The queer world of the X-Men By Erik Dussere, July 17, 2000
You missed the one very strong "gay metaphor" story line in the X-Men of late: the introduction of the Legacy virus, a virus that at first only killed mutants. The regular humans comment about it being a good thing, because who needs more mutants? And then suddenly, this mutant-only virus can be caught by regular people as well, and it's all those damn mutants' fault.
The Legacy virus parallels' to the HIV/AIDS epidemic were uncomfortable to read to say the least, and by far the least subtle of the gay themes in the book. But it brought about some of my favorite issues of those books ever, so I suppose in comics, as in real life, difficult and uncomfortable situations demonstrate to us who the real heroes are, and aren't. A gay fan of the X-Men, -- Alex Darke
The writer is absolutely right about the gay themes of the X-Men. Don't think for a minute the filmmakers doesn't know this. The director, Bryan Singer, is openly gay and Ian McKellen is a gay activist. -- Rebekka Kai Taubman
For the most part, I would imagine Marvel Entertainment's head honchos are unaware how their writers have appropriated and continue to appropriate gay themes. The most forthright use of the metaphor isn't in the 1982 graphic novel Dussere read as an adolescent but the current "Children of the Atom" miniseries by writer Joe Casey.
Incidentally, as the relatively well-adjusted teens in rival DC's comic "Legion of Superheroes" have also enjoyed a longstanding gay readership, I don't think it's purely the alienation themes that hold an attraction. But Dussere is right that all kids probably pick up on that feeling of alienation.
I do have a complaint about Dussere's piece. Saying the X-Men and other Marvel characters were created by Stan Lee denigrates the achievement of one of the great unknown pop artists of the 20th century, the cartoonist Jack Kirby. The only thing that most knowledgeable people question at this point is how much Lee may have been involved in Kirby's creations, not if Kirby contributed to Lee's.
If X-Men is about fighting for those stripped of their rights, it would be nice if the general public afforded Kirby his artistic right to be recognized for what everyone -- except maybe Lee's press agent -- should recognize as, at the very least, Kirby's co-creations. -- Tom Spurgeon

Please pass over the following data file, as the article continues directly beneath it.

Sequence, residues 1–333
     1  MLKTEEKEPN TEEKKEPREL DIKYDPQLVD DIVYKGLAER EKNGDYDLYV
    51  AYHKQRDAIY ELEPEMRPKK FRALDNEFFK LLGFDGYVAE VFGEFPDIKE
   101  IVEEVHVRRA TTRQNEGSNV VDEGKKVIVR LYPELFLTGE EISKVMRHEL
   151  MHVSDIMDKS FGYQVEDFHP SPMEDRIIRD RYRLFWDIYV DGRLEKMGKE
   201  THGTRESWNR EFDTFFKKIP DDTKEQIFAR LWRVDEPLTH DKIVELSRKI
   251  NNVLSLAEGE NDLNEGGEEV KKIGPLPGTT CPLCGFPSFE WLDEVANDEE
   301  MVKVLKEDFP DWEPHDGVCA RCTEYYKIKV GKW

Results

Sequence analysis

This article was one of the most flawed pieces of leftist rhetoric I have seen in quite a while. The author's weak attempt to draw a parallel between what the Jews and blacks have gone through with the homosexual agenda are not only insulting to Jews and blacks, they are insulting to basic human intelligence. I suggest you do a better job of reporting information, instead of being a conduit for the homosexual agenda. -- Jon Hartman
hm. it's not like marvel loves to take a stand ... their portrayal of gay characters usually consists on forgetting said character has a personality, and making their being gay all there is to them.
in general terms (ie. politics or other social issues) they can sound extreme if a bit over the top. they seem to pull the bureaucratic card all too often and the way they solve things is not truly consistent.
i'm sure this post wasn't made to get essay-like replies, but anyway. while i love marvel for the x-men and such, and some awesome writers have graced the titles, i feel certain subjects should be dealt with in different ways. most of the time i wish i wrote for marvel. heh.
Gender: Male Location: United States
Lake Ontario, Ny
There is a certian flaw in the logic that if you fear something you should embrace it. Being gay myself, i too have the right to be disgusted by hetrosexuals. I have the right to express hatred twords them for no reason at all, just because i can. But i don't. Having the power to do something is not sufficant reason to do so. Marvel, society, young and old need to be the one's to wake themselves up if they choose to. I can continue to look the other way when i am faced with that kind of hatred.
Unfortunatly, the world is training their gays along with their straights how to emulate such hate the world over. It really is irrelevant who your having sex with when all you've spent your life doing is hating.
The good thing is is that no one wants to be around you if you do such things. If you believe otherwise your the fool.
i don't think hate is necessarily related to sexuality. gay people can be narrow-minded as well (despite being a 'minority' or whatever society calls them and despite being alienated) and straight people can be tolerant. the point is, it's ignorance that breeds hate.
I agree with will. It's about intolerance in general. A fight for equality. Whether someone is gay, african american, handicaped, or a 49ers fan. The stronger should fight for those who can't fight for themselves. Edmond Burke said, "The easiest way for the triumph of evil is for good men to do nothing." X-MEN ROCKS!
I don't think that it's necessarily ignorance that breeds hate. I think it's people's unwillingness to look at people as individuals instead of types. Ignorance can only take one so far and count for so much. With the number of homosexuals that are open in the world, people can't say that they don't know what homosexuals are like anymore. It's the stereotypes that are popular anyway (Will & Grace, Queer Eye, etc.), and these show up in print in characters like Northstar, etc. People know that there are homosexuals in all levels of government, in the military, in universities and public schools, picking up trash, arresting criminals, painting houses. People also choose to see what they want to see.